Fortune News | Jan 05,2019
Sep 28 , 2019
By YOSEPH MERGU ( FORTUNE STAFF WRITER )
The Ethiopian part of the 1.26-billion-dollar Eastern Electricity Highway Project that connects Ethiopia with Kenya is set to be completed next month.
Built by China Electric Power Equipment and Technology (CET), the project connects the Kenyan and Ethiopian power grids.
The high voltage electric line, which is a result of the joint venture of the two countries, has a capacity of carrying up to 2,000 megawatts and covers 1,055Km, while 433Km of the total electric highway lies within Ethiopian borders.
The construction of the power transmission line has already been completed in August 2019, and the highway is only awaiting finalisation of the construction of a substation, according to Moges Mekonnen, communication director of Ethiopian Electric Power (EEP).
After the construction of the substation is completed, the testing will be implemented within five months, and the highway will be ready for power transmission by April 2020.
Wolayta Sodo is the starting point for the 500kV line, and the overhead transmission lines are supported by approximately 38m-high and 15m-wide steel towers and sit on 4m-deep reinforced concrete foundations. The width of the line corridor ranges between 50m and 60m.
From the overall investment in the project, the World Bank provided a loan of 684 million dollars, while the African Development Bank and the French Development Agency are providing 338 million dollars and 118 million dollars, respectively.
The government of Ethiopia and the government of Kenya funded 32 million dollars and 88 million dollars, respectively.
The construction of the remaining part of the highway in Kenya is being carried out by the German company Siemens Transmission & Distribution. The work has begun from the Suswa substation in western Kenya.
Upon its completion, the project is expected to generate investment opportunities in electricity infrastructure and also gives rise to the development of other related industries.
Ethiopia currently generates 4,300MW of power, of which 90pc is produced from hydropower, while eight percent is generated from wind, and two percent is generated from thermal sources.
Ethiopia is endowed with a huge hydro generation potential, which is estimated at approximately 45,000 MW.
A hydropower expert appreciated the construction of the transmission line between the two countries.
“Construction of the transmission line is important, not only to sell but also to buy electric power when we face a shortage of supply,” Tigabu Atalo, an energy practitioner, told Fortune.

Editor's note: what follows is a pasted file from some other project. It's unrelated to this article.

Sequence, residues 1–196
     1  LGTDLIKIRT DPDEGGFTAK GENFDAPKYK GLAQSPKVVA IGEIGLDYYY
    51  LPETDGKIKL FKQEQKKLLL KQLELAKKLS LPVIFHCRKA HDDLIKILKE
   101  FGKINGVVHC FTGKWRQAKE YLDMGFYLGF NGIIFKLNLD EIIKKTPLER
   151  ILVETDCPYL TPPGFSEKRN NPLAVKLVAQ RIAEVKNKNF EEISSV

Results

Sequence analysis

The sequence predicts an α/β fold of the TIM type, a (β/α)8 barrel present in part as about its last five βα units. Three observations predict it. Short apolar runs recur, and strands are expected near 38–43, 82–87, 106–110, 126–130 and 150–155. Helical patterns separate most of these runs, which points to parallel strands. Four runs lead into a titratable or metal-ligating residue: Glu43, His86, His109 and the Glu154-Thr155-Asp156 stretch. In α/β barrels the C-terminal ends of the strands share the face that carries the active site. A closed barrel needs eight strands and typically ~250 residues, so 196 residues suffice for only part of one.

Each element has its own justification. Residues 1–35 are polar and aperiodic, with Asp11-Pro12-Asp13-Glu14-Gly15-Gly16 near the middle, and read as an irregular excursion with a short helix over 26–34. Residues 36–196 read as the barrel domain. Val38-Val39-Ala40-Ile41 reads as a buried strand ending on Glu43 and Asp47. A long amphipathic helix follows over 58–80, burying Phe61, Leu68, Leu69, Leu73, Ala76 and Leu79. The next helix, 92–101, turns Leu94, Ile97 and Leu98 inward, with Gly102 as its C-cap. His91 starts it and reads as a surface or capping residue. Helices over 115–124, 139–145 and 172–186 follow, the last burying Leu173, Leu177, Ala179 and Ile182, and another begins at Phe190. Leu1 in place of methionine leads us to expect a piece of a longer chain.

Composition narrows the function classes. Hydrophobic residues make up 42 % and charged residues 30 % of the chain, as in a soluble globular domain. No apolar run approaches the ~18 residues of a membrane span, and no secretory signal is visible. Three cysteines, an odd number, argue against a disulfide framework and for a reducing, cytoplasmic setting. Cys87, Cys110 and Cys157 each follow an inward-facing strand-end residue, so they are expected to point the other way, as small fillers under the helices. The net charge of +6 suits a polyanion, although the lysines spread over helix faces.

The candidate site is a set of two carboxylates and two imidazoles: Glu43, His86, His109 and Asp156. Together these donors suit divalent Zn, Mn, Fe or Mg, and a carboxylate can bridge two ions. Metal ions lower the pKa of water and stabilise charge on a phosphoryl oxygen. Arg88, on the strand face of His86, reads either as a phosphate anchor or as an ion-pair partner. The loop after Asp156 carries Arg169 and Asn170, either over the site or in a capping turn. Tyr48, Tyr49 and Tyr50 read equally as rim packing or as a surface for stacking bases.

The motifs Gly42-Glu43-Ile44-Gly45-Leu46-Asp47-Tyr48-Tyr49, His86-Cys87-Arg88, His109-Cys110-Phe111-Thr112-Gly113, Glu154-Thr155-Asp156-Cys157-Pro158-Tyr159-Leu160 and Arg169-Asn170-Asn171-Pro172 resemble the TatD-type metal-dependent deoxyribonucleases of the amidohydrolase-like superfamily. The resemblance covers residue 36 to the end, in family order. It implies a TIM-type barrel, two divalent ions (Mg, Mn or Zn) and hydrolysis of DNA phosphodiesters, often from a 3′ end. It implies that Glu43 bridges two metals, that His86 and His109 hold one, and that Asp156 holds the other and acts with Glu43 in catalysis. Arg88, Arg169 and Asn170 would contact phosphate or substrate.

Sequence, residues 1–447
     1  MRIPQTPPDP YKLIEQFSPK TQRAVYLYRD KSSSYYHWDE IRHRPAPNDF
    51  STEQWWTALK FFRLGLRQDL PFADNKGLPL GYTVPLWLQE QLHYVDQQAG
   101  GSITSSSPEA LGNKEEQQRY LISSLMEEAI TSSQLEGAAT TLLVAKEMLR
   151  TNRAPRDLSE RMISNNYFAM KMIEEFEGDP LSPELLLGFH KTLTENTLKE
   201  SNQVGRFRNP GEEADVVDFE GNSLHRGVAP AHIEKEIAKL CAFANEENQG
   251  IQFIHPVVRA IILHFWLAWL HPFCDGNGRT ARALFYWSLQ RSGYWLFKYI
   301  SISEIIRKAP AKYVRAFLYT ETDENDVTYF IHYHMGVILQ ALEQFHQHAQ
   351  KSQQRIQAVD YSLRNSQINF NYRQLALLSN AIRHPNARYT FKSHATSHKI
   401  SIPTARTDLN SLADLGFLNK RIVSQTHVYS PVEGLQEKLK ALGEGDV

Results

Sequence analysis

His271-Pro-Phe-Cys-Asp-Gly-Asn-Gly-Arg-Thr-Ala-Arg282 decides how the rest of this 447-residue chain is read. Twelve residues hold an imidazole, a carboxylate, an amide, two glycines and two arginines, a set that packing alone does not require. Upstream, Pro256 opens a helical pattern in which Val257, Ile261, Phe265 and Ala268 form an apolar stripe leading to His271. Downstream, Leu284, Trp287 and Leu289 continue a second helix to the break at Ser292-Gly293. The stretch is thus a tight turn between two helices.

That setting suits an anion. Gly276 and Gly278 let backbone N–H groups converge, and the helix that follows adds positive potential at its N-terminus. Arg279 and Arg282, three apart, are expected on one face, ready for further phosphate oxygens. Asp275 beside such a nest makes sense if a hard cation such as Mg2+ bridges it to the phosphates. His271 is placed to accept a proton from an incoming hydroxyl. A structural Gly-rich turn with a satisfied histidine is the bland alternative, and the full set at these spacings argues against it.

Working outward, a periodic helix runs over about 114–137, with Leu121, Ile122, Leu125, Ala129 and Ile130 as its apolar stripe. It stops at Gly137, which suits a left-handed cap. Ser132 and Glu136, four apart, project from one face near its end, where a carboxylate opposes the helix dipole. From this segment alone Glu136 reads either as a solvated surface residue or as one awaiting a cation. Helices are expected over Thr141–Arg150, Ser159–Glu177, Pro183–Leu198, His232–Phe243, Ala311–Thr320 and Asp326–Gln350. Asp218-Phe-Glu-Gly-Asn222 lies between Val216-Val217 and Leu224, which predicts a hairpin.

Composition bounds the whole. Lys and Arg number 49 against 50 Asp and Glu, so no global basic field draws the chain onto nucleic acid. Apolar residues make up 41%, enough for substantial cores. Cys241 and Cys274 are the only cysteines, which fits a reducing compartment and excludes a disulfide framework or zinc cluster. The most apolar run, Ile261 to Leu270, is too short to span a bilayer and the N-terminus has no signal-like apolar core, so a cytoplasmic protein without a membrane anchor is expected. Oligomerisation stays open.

According to the expert, this is helpful for regional integration and interconnecting African countries through power.
“We must be well advised on the power purchase agreement schedule for the delivery of electricity, penalties for under-delivery and on tariff allocation.
Currently, the construction of the Grand Ethiopian Renaissance Dam (GERD) being built on the Abay River in Benshangul Gumuz Regional State has reached 68.3pc completion.
PUBLISHED ON Sep 28,2019 [ VOL 20 , NO 1013]
Fortune News | Jan 05,2019
Radar | Dec 04,2022
Fortune News | Jan 09,2021
Fortune News | Nov 21,2018
Fortune News | Sep 02,2023
Radar | Apr 03,2021
Radar | Dec 21,2019
Fortune News | Jun 07,2020
Radar | Oct 10,2020
Feb 24 , 2024 . By MUNIR SHEMSU
Abel Yeshitila, a real estate developer with a 12-year track record, finds himself unable to sell homes in his latest venture. Despite slash...
Feb 10 , 2024 . By MUNIR SHEMSU
In his last week's address to Parliament, Prime Minister Abiy Ahmed (PhD) painted a picture of an economy...
Jan 7 , 2024
In the realm of international finance and diplomacy, few cities hold the distinction that Addis Abeba doe...
Sep 30 , 2023 . By AKSAH ITALO
On a chilly morning outside Ke'Geberew Market, Yeshi Chane, a 35-year-old mother cradling her seven-month-old baby, stands amidst the throng...
Every country is eager to attract foreign direct investment (FDI) – and for good re...
Leaders of the National Election Board are in a charm offensive mood, of a sort. Last week, they organised a rare tour for members of the me...
When the country's most senior diplomats and envoys return back to their posts after two-week debriefings, they leave behind a point or two...
Feb 24 , 2024
The recent policy pronouncement by the Transport Minister, Alemu Sime (PhD), of a pla...
Feb 17 , 2024
In the vast auditoriums of Addis Abeba, far from the era when flamboyant figures like...
Feb 10 , 2024
In a last week session before Parliament, Prime Minister Abiy Ahmed (PhD) was seen ad...
In a world increasingly attuned to the nuances of data reliability and its implicatio...
During a work deployment abroad five years ago, I encountered a woman whose frailty w...
I am greeted by the sight of numerous women lining the streets upon returning home from work each day. Their offerings range from fresh prod...